Justice

Why Arkansas Might End Up With A Statue Of Satan On Its Capitol Grounds

CREDIT: The Satanic Temple/Facebook

In April, the state of Arkansas approved a bill allowing for the erection of a 10 Commandments monument on capitol grounds, hoping to replicate biblically-themed statues that already adorn public property in nearby Oklahoma and Texas. But while conservative Christians championed the bill at the time, its passage may force the state to okay the construction of other religious symbols in the same area — including a statue of Satan.

On Tuesday, the New-York-state based Satanic Temple announced it has applied to construct a statue in Arkansas of Baphomet, a goat-headed deity often used to represent Satan.

“In a letter sent via certified mail to Arkansas’ Capitol Arts and Grounds Commission, The Satanic Temple formally requested permission to place their controversial ‘Baphomet’ monument alongside a Ten Commandments monument at the Capitol in Little Rock,” the group said in a press release.

The Satanic Temple (TST) describes its followers as Satanists, but its professed “tenets” hedge closer to atheism or secular humanism, such as, “Beliefs should conform to our best scientific understanding of the world.” The group has attracted widespread attention not for its worship practices, but by using its distinction as an organized religion to test the limits of religious liberty in the United States. In addition to making a similar request for a Satanic statue near a 10 Commandments monument in Oklahoma, the Satanic Temple has also campaigned to exempt their followers from “informed consent” laws that discourage women from having abortions — all while citing legal precedents typically used by conservative Christians. In most cases, followers claim a religious identity while voicing contempt for intrusions of religion into the public sphere.

The group listed similar grievances on Tuesday, blasting the bill that allowed the erection of a statue commemorating the laws handed down to Moses in the biblical book of Exodus.

“The request comes in reply to the approval of Senate Bill 939 which has allowed for a privately donated 10 Commandments monument to be placed at the Capitol,” the group’s statement read. “The bill hopes to preemptively head-off an Establishment Clause dispute by asserting the secular nature of the 10 Commandments, stating that the monument represents ‘an important component of the moral foundation of the laws and legal system of the United States of America and the State of Arkansas.’”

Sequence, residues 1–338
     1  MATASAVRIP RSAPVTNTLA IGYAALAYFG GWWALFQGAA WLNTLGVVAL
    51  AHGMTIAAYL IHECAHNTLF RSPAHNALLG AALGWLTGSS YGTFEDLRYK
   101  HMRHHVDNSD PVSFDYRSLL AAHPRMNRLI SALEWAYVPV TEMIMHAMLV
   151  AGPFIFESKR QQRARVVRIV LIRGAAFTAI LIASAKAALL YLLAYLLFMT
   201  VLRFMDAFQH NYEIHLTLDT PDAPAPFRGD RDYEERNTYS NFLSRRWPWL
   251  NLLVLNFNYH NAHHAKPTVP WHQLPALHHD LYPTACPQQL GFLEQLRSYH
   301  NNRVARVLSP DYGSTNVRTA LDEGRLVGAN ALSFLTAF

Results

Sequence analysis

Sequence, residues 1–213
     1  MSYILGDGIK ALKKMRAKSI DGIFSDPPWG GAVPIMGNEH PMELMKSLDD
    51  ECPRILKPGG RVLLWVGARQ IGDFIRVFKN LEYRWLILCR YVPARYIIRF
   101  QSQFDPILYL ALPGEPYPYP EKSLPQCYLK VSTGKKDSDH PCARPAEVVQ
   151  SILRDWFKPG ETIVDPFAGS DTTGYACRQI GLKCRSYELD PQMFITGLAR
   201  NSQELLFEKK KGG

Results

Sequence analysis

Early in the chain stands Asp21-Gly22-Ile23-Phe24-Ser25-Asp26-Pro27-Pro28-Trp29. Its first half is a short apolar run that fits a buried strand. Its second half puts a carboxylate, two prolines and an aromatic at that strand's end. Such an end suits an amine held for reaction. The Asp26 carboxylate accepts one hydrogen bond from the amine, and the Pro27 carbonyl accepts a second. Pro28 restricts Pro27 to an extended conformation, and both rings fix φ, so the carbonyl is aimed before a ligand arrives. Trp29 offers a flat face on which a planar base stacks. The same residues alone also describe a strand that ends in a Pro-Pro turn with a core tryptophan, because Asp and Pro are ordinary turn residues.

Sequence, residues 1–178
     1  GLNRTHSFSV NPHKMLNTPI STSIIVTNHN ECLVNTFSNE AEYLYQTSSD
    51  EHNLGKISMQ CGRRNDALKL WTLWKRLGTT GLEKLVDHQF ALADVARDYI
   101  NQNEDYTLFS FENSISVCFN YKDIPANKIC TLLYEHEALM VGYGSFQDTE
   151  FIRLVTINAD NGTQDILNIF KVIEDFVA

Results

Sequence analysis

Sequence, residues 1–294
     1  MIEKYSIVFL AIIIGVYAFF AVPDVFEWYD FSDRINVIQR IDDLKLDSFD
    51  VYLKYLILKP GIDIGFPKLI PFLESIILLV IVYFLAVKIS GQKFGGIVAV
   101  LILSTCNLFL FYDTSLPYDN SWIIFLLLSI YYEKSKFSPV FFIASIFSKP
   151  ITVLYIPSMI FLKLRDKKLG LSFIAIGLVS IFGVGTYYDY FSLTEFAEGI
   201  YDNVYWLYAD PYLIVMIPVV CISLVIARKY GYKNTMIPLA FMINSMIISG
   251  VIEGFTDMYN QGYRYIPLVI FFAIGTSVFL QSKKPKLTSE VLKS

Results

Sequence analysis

TST’s application is geared toward exposing a weakness in the “The Ten Commandments Monument Display Act,” which they argue “[opens] the public grounds to private donations,” meaning the government “cannot engage in viewpoint discrimination and must reasonably allow for other donations of a similar nature.”

Others have similarly leapt to take advantage of Arkansas’ new openness to religious expression on public property. The Freedom From Religion Foundation also applied for a permanent display that includes the phrase “there are no gods,” PETA requested permission to construct a “prominent exhibition” to promote veganism, and Hindus have asked to install a statue of The Lord Hanuman, an ape-faced deity. The Hindu group’s application was initially denied because it was sent to the wrong office.

This chorus of requests highlights the complexity of negotiating the relationship between religious expression and political power in the United States, where the Constitution simultaneously guarantees freedom of religious expression and prohibits the federal government from “establishing” one national religion. Although such matters are often get worked out quietly at the local level, the tension between these two legal rights can sometimes force state and federal officials to decide between banning all faith expressions in publicly-owned spaces or be universally inclusive of any and all religious traditions — including, it seems, forms of Satanism.

Legal disputes over these issues have produced mixed results over the years, but at least some explicitly religious exhibitions have been deemed illegal when placed on government property. Although the U.S. Supreme Court declared Texas’ statue of the 10 Commandments permissible in 2005 because it was thought to be more “historical” than religious, the Oklahoma Supreme Court recently called for the removal of a similar statue in the Sooner State because it violated the state’s own constitution.

The TST warned it is willing to mount a similar legal challenge in Arkansas.

“TST is prepared to pursue legal options if their application is rejected or ignored,” their statement read. ‘The Arkansas legislature unwittingly opened the door for our monument to be erected at Little Rock, while they clearly believed they could preference the 10 Commandments.”